Hansen at COP28

The future of energy and the Mountain State

The 28th United Nations Climate Change Conference (COP28) in Dubai, United Arab Emirates, came to a close this past Tuesday. World leaders in government, business, finance and energy (renewable and, yes, fossil fuels) came together for nearly two weeks of learning, discussing and negotiating. At the end, representatives from nearly 200 countries produced a “global stocktake” and acknowledged that global emissions must be cut nearly in half by 2030 to maintain a worldwide warming of no more than 1.5 degrees Celsius.

Among the presenters was West Virginia’s own Evan Hansen — House of Delegates District 79 representative and    Downstream Strategies president.

Hansen sat on a panel addressing China’s energy production — both coal and renewables — and another that discussed “just and inclusive” transitions for fossil fuel regions.

Although many in America are quick to justify our own fossil fuel use by pointing the finger at China, China is the world leader in solar and wind. Yes, it is still producing coal (which it says will peak in 2025), but it also has three times as many wind and solar installations as the U.S. If China can launch renewables on such a large scale, America should be able to, as well.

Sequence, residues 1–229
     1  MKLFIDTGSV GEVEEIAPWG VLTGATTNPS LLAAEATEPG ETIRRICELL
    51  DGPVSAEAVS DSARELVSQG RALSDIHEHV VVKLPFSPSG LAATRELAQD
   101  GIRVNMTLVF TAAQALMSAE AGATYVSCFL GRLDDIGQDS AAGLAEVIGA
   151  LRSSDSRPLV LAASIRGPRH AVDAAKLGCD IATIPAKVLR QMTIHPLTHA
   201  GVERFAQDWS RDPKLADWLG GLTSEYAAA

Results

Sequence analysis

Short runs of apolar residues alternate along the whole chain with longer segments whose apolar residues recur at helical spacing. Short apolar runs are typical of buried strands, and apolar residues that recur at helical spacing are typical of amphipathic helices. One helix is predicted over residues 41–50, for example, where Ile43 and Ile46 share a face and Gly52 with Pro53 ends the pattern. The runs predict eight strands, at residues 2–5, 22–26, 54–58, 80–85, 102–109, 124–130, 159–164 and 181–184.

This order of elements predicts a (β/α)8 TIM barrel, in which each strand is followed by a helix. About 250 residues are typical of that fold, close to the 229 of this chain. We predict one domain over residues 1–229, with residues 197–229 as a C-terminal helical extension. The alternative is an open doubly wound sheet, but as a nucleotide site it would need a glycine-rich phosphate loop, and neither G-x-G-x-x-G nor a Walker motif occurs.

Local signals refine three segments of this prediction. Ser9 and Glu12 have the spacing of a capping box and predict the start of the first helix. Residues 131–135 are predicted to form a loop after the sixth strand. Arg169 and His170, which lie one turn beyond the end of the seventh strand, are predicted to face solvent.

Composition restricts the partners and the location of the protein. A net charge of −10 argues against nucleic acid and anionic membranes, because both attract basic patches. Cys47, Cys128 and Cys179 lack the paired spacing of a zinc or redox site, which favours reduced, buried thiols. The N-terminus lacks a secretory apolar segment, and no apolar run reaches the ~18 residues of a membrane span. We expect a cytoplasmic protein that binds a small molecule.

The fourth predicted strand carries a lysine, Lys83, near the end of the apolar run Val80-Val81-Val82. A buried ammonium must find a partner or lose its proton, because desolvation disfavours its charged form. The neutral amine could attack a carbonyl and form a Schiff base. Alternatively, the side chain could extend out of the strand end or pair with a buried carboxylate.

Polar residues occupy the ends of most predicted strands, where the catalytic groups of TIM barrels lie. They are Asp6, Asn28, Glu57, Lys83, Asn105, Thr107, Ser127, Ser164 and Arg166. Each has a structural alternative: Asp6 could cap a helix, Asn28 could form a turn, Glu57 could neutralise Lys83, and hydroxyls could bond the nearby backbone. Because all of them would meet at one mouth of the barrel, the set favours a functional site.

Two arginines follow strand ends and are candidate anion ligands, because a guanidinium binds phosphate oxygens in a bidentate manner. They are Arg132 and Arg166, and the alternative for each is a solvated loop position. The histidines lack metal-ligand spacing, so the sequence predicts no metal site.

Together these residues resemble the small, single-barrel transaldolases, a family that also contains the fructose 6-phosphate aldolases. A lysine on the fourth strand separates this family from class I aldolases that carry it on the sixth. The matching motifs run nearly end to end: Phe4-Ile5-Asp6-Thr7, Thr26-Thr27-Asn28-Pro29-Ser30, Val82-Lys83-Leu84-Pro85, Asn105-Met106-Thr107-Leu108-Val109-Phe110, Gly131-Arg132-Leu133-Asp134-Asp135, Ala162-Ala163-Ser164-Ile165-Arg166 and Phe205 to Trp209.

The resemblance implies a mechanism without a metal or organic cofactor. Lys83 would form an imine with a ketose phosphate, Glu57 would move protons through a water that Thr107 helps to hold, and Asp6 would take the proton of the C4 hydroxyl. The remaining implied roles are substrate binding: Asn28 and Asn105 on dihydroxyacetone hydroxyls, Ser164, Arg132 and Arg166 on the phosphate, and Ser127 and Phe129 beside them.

Which leads to Hansen’s other topic: Moving away from fossil fuels.

Researchers at WVU, as we’ve mentioned before, are working on extracting rare earth elements from acid mine drainage. REEs are essential components in technology and are primarily imported from China. In the future, West Virginia and other (former) coal states could provide a domestic supply of REEs.

We’ve made note previously that there isn’t an apples-to-apples transition for people who work in fossil fuels, particularly the coal industry. But that doesn’t mean we can’t start preparing the next generation to do something other than mine coal. To us, the key to a “just and inclusive” transition is to bring in industries that would require roughly the same amount of education/training — if not the same skillset — and that offer comparable pay and benefits.

Just because the transition won’t be perfectly smooth and easy doesn’t mean that we can’t or shouldn’t make it. If we’re not careful, the world will move on without us.

Hansen will be the first to say West Virginia’s leaders have made strides toward embracing renewable energy, but we’ve seen a lot of foot-dragging in the halls of the Capitol as lawmakers desperately cling to coal. We think Hansen, among others, could truly help move the Mountain State forward, but his contributions have been artificially limited because he’s a member of the minority party.

The fact that Hansen was asked to present for an international audience at one of the world’s largest environmental events speaks to his knowledge and expertise. We hope his fellow legislators take note and listen not just to the lessons he took with him to Dubai, but to the lessons he brought back that could help secure West Virginia a place in this new era.

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